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Multimedia modeling of human exposure to chemical substances: The roles of food web biomagnification and biotransformation

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Abstract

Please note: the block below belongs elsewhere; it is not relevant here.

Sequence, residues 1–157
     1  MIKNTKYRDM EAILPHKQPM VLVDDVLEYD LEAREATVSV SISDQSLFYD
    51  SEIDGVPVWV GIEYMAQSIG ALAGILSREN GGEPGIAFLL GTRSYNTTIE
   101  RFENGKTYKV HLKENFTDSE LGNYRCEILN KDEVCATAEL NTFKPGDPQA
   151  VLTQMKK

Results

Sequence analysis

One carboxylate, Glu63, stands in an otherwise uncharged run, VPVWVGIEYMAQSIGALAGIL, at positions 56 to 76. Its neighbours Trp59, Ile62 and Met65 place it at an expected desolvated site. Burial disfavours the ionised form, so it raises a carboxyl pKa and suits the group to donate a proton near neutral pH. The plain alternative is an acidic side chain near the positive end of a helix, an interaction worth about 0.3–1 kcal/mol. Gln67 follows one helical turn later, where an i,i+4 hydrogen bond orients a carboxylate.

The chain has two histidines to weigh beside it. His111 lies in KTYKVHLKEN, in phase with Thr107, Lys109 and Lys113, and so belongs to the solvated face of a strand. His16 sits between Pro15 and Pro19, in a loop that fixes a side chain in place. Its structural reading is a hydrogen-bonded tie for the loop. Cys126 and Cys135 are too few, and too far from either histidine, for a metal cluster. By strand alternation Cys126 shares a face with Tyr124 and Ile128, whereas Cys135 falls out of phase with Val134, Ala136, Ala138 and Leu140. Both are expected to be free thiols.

The Risk Assessment IDentification And Ranking (RAIDAR) model is refined to calculate relative human exposures as expressed by total intake, intake fraction (iF), and total body burden (TBB) metrics. The RAIDAR model is applied to three persistent organic pollutants (POPs) and six petrochemicals using four mode-of-entry emission scenarios to evaluate the effect of metabolic biotransformation estimates on human exposure calculations. When biotransformation rates are assumed to be negligible, daily intake and iFs for the nine substances ranged over six orders of magnitude and TBBs ranged over 10 orders of magnitude. Including biotransformation estimates for fish, birds, and mammals reduced substance-specific daily intake and iF by up to 4.5 orders of magnitude and TBB by more than eight orders of magnitude. The RAIDAR iF calculations are compared to the European Union System for the Evaluation of Substances (EUSES) model iF calculations and differences are discussed, especially the treatment of food web bioaccumulation. Model selection and application assumptions result in different rankings of human exposure potential. These results suggest a need to critically consider model selection and to include reliable biotransformation rate estimates when assessing relative human exposure and ranking substances for priority setting. Recommendations for further model evaluations and revisions are discussed. Environ. Toxicol. Chem. 2010;29:45–55. © 2009 SETAC

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